I prefer to wait until the end of the interview, to see if I am even interested in the job position (since I’m essentially interviewing them, too!) and then in the questions portion I’ll mention I have a severe peanut allergy that will require accommodations, and that I’ve worked with HR in the past to make those happen. I consider it a disability and explain it as such since I am putting it on file as a disability with my employer in order to get properly accommodated. As always, if it’s in-person, I will make sure to keep my purse with me at all times with my N95 mask, epinephrine, and Benadryl inside. Remote interviews seem more and more common these days, as does remote job offerings and hybrid roles, which helps as well if you have an airborne and cross-contact reactive food allergy.
Through my own interview trial and error, I’ve found this is what works best for me. It’s not something required and you should absolutely do what feels best for you, but I will say I feel empowered now when discussing my food allergy and work accommodations, which is a great way to feel going into an interview.
I used to feel ashamed and guilty, leading to nervousness if someone could accommodate me, but now I am more confident in voicing my asks and needs. Plus, it helps that food allergy accommodations are becoming more and more common in recent years in schools (504 plans) and various settings. The last few times I’ve mentioned it in an interview, more than one person on the panel has told me they are either related to someone with a food allergy or know someone with one.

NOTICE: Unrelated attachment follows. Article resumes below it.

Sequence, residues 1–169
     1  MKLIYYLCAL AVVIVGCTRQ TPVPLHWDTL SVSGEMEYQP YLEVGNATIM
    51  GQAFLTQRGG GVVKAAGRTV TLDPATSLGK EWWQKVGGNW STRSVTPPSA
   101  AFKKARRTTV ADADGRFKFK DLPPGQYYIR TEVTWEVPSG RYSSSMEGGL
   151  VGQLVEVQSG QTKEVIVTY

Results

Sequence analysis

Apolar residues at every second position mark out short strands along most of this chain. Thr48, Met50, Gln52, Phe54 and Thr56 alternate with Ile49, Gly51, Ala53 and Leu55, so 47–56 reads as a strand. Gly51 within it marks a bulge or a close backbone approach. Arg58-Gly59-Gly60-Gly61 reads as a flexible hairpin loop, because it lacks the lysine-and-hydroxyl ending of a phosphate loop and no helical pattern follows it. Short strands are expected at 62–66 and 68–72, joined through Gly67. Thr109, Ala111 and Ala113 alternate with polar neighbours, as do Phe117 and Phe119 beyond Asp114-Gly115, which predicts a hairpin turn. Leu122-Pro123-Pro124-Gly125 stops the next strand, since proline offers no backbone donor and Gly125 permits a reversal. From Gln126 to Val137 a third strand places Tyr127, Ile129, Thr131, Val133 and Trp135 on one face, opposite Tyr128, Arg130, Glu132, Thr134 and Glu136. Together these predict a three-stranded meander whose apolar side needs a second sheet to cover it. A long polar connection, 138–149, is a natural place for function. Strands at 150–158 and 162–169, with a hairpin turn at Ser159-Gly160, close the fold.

The Allergen-Free Workplace Accommodation In Action
At my last employer they felt confident being able to enforce a no-peanut policy in the building, and in fact, they pitched this accommodation to me as an option. I never felt comfortable asking for such a large accommodation, and their willingness made me see it was possible for an entire building to go without an allergen. In fact, I was so surprised that it made me hesitant initially if they understood the severity of my allergy and what that would entail going peanut-free, but they did. They knew just as much as I did that there was no guarantee it would be followed by everyone, but it was going to be something they enforced regularly in hopes it would be largely effective, and they put up signs around the building and made regular email announcements. If I noticed someone had peanuts, I could tell HR and they would speak to the person on my behalf. Many people didn’t know I was the person with the peanut allergy unless I worked closely with them, so it was great that HR handled the majority of accommodations for me.